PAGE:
MySchool website go live in January this year, I had been explaining my policy to the Australian
people and its import for the future of education for the best part of two years, that's my track
record, I believe that that's appropriate. When I legislated the Fair Work Act, we explained the
processes that we were going through to get the details of the Fair Work Act together and that was
done over a twelve month period, I believe that that's appropriate.

I do believe Australians are looking for more engagement in difference processes in politics. I
think that's the message from the election campaign and I anticipate that those things will be the
subject of discussions with the Independents and the Greens during the coming days.

JOURNALIST: Prime Minister you mentioned that you thought Labor had a better prospect of actually
getting legislation through. Does that mean that you will have a greater chance of dealing with the
Greens in the Senate not just Independents in the House and what demands would you give in to the
Greens in the Senate, particularly on a carbon tax?

PM: Well, once again, we'll obviously be having discussions in coming days but as I said yesterday,
let me reiterate today. We went to the election with a comprehensive and positive plan for
Australia's future. That comprehensive and positive plan dealt with climate change, obviously from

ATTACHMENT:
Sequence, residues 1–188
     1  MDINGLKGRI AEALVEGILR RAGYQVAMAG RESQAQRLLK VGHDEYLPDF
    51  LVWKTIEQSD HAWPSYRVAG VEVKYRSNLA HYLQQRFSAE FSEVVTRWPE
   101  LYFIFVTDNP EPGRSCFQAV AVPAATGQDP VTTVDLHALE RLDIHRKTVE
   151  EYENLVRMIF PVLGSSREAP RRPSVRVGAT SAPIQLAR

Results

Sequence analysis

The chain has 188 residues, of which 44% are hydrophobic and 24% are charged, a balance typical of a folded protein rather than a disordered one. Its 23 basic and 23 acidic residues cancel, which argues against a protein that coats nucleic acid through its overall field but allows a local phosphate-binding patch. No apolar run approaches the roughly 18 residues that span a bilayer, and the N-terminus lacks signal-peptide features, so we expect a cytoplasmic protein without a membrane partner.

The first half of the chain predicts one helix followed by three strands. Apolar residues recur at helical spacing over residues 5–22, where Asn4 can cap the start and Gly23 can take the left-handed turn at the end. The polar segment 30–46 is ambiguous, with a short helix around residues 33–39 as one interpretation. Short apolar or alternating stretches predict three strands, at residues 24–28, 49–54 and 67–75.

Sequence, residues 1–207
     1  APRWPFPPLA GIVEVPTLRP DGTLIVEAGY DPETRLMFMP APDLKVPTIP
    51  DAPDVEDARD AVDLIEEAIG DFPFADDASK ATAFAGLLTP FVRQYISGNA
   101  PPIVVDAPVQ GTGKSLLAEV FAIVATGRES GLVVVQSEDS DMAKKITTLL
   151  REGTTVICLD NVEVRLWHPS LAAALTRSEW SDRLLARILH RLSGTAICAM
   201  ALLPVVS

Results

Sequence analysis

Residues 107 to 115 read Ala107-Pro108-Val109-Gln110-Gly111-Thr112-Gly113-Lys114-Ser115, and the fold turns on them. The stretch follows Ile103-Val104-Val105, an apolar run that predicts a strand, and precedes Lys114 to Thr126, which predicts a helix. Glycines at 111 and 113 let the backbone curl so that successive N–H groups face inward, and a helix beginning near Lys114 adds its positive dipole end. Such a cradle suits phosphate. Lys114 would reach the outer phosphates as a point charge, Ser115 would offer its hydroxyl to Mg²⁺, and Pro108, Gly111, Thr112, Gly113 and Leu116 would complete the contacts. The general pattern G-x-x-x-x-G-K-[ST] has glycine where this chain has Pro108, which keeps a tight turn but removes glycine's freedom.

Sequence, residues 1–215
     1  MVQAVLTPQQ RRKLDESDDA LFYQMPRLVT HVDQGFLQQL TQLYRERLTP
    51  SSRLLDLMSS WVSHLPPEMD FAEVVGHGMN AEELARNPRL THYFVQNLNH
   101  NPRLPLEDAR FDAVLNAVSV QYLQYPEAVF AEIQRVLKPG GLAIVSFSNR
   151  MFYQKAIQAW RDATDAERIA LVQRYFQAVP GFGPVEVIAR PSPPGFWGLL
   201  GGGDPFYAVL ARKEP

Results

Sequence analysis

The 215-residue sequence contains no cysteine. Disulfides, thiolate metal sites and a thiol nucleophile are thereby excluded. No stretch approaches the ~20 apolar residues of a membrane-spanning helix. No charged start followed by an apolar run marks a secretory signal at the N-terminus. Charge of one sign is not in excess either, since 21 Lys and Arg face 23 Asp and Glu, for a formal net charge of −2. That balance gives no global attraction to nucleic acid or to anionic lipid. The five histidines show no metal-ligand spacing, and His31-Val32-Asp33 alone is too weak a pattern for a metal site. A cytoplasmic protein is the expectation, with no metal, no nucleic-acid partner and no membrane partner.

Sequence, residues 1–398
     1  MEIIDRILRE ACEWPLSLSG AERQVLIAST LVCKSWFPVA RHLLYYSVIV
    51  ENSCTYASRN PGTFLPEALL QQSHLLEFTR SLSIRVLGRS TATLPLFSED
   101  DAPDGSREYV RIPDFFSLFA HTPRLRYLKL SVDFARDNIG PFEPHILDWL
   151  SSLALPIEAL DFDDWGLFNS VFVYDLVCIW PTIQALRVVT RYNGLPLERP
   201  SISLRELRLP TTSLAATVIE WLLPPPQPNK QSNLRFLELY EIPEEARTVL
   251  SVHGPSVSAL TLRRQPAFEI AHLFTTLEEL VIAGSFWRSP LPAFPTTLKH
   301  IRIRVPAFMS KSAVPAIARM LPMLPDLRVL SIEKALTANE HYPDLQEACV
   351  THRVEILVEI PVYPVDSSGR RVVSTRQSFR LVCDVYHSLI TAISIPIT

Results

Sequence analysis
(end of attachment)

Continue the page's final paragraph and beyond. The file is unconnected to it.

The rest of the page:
the perspective of someone who believes in climate change. We will be having discussions over the
coming days but in those discussions I will be indicating we do have a positive plan for the
nation's future, it's properly costed.

JOURNALIST: (inaudible) saying you're likely to have a better relationship with the Green than Tony
Abbott would, which is (inaudible)?

PM: Oh look, we will have discussions in the coming day.

JOURNALIST: Tony Crook the WA National, he ended Wilson Tuckey's thirty year reign in Parliament.
Have you written him off as just a sort of a Coalition stooge, even though he got to Parliament in,
off the back of Labor preferences and do you intend on contacting Mr Crook to ask what he might,
might not want?

PM: I understand that someone who would have anticipated - someone who Mr Abbott would have
anticipated being a member of his Coalition is saying that he intends to conduct himself as an